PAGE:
Times are hard (though, God knows, others' lives are so much harder than mine and I hardly know how I have the cheek to say it). So hard and so weary that I push myself to say something, because self-expression, finding the words or the pictures for it, always helps and opens things up. It's particularly since I started doing the Mindfulness course. It seems - surprise, surprise! - to be making me mindful… and most of what it’s making me mindful of is not pleasant. There’s so much more weariness, so much more pain than I was previously aware of. I think this is true of most of us, not particular to me. If most people weren’t devoted to looking away, to numbing themselves, Western societies could not possibly run the way they do, based on relentless activity, endless bombardments of information. Being more aware, more mindful, more alive: this must be a good thing, surely? But what a scary thing. It’s so far from the norm. I’ve always been pretty far from the norm, and suffered for it. So where the hell is this taking me? I suppose I must look on it as an adventure, a mountain to climb, with an unknown view from the summit. Puff. Gasp. Where’s my Kendal Mint Cake?
“When we begin to practice [mindfulness]... we see through our pursuit of outward things, the false gods of pleasure and security. We have to stop gobbling this and pursuing that in our shortsighted way, and simply relax into the cocoon, into the darkness of the pain that is our life… When we’re perfectly willing to be there—when we’re willing for life to be as it is, embracing both life and death, pleasure and pain, good and bad, comfortable in being both—then the cocoon begins to dissolve.”
I cannot but question, though, whether this way, right into the heart of the pain and through it, is the right one. Is it just masochism? Can choosing to be more self-aware, even more raw and unprotected, be a good thing for people who are already by temperament highly sensitive or exceptionally neurotic (choose your definition – which one I choose depends on my mood, though Elaine Aron’s work on the trait of high-sensitivity has certainly had a big impact on my thinking)? We should always question. The thing is, I haven’t found another way. Suppression, pretending I’m not here, certainly hasn’t worked. But will I ever be ‘perfectly willing to be there’?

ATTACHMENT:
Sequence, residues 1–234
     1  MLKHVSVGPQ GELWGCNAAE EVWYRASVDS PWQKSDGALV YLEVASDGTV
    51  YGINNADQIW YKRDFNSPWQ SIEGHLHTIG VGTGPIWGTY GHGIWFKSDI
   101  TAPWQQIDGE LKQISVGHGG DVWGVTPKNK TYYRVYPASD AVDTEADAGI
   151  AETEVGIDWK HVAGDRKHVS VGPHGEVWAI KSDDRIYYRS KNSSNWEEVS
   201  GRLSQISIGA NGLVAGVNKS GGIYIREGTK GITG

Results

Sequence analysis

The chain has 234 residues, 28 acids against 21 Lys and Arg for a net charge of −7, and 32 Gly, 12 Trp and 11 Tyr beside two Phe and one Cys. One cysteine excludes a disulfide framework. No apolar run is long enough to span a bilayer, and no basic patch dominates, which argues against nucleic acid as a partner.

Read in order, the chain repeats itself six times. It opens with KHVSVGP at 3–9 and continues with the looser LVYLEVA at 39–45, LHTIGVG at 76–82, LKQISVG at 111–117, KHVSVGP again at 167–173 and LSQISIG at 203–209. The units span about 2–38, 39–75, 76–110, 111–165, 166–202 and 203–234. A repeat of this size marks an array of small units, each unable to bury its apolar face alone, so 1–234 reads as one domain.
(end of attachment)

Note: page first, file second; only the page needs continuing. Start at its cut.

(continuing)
I must admit, I thought I had asked and answered these questions long ago. I’ve been meditating for about ten years. I’ve read and been moved by the teachings of Joko Beck and many others, and met in person many Buddhist teachers with the same message. But I’ve never faced the ‘darkness of the pain’ in the ways that the MBSR course is requiring me to. I’ve sat with myself for long hours, some of them soothing and some difficult, and always felt better for it. And those long hours have slowly helped me to be present to more of life. But this looking directly at the difficult, the unbearable, feelings, this ‘bring to mind something difficult, look at it, feel it, be with it’… I haven’t done this before. It’s a leap into the fire – and I mean that almost literally: when I turn towards instead of away from difficult feelings, my body and my mind burn and flinch and burn, the heat and intensity take my breath away. I could compare it with the ancient Buddhist practice of meditating in the graveyard or the charnel house. It’s a practice of looking at the very worst, in order to know that the looking itself won't kill us. Sounds dramatic. Except that it turns out the very worst is mostly nothing dramatic, it’s the everyday stuff, those old unbearable feelings of pressure and fear and defeat that we turn away from every day.
And so the question recurs, with renewed force, even after all these years of meditation: will I ever be ‘perfectly willing to be there’? And I don’t know the answer, can’t yet see the view.